Singing a Postal Song

02.25.2013
Blog

By Nancy Pope, Historian and Curator

You might know the lyrics to “Please, Please Mr. Postman,” or “Return to Sender,” but how about “My Parcel Post Man” or “The Old Postmaster?” Folks have been writing songs about their mail, and what it brings (or doesn’t) for more than 100 years. Over the years the museum has compiled a listing of more than 300 mail-themed American songs. The earliest we found was “Mail Line Packet,” copyrighted in 1857 by P.P. Werlein & Company. Between then and now, hundreds of songwriters have weaved musical tales of love letters and sad letters, and a wide world of postal dramas.

The Letter Carrier’s Grand March sheet music cover

Postal workers have inspired more than a few songs. A Boston, Massachusetts music teacher named John G. Murdock wrote “The Letter Carrier’s Grand March” in 1874. Letter carriers received another music tribute when a prolific musician and teacher, Harry J. Lincoln of Philadelphia, wrote “The Letter Carriers March and Two Step” in 1926. The museum has a copy of Lincoln’s sheet music for this piece in its collection.

The year 1881 must have been a hard one for older Americans. Two songs were published that year urging more letter writing. A.W. Filson’s “Write the Old Folks at Home” and the slightly more pleading “Write to the Sad Old Folks at Home” by Robert Hornung and Theodor Wolfram.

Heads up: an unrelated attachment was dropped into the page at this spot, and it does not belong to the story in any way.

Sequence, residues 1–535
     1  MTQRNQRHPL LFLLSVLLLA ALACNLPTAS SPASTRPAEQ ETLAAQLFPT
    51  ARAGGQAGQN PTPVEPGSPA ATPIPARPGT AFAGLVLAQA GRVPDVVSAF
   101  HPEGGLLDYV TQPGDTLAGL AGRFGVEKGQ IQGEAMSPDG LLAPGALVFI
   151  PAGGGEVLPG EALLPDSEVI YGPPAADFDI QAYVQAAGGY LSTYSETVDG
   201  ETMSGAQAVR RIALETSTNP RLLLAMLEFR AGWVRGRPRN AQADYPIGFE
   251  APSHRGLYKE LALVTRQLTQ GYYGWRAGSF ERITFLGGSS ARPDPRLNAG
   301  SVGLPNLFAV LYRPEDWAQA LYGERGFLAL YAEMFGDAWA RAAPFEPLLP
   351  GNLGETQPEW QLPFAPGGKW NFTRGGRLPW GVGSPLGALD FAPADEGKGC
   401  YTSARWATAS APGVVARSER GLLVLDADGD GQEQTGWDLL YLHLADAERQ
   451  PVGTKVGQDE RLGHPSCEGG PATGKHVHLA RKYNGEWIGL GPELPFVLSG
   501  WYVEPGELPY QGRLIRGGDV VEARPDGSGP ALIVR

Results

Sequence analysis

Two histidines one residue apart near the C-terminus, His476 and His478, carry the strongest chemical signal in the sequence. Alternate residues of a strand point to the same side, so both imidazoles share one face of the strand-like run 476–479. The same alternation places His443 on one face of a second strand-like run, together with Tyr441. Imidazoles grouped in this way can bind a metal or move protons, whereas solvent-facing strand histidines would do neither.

The Post Office Department’s brand new free rural delivery system inspired M.C. Bales to write the “Rural Mail Route Waltz” in 1902, the year that Rural Free Delivery became an official service. And a couple of decades after America’s flying mail service began Jimmy Mundy and Benny Goodman set America swinging to their “Air Mail Special”

But aside from a song here or there touting the postal system or its employees, the bulk of America’s postal songs have focused on what was most important to the people – the mail itself. Songs of gratitude for good news delivered by mail are side by side to ballads of despair for the letter that wasn’t written. Max Sturm’s mournful 1886 song “Letter That Never Came” expressed sorrow at not receiving a letter from a loved one. Sorrow that would find itself put into song again a half a century later in Frankie Brown’s “No Letter Today.”

From joy to sorrow, from wondering if a letter will ever come, or wondering what it will say when it gets there, musical mail songs have been created using a wide range of musical styles. From marches to ragtime, swing to pop, songwriters have used the innate drama of the pause before opening a letter, or the wait for the carrier’s footsteps outside the door to see if someone was thinking of you as the backdrop for stories of mail’s role in our lives.

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“Good Mister Mailman” by Joseph E. Howard, 1898

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“The Old Postmaster” by Joseph W. Stern, 1900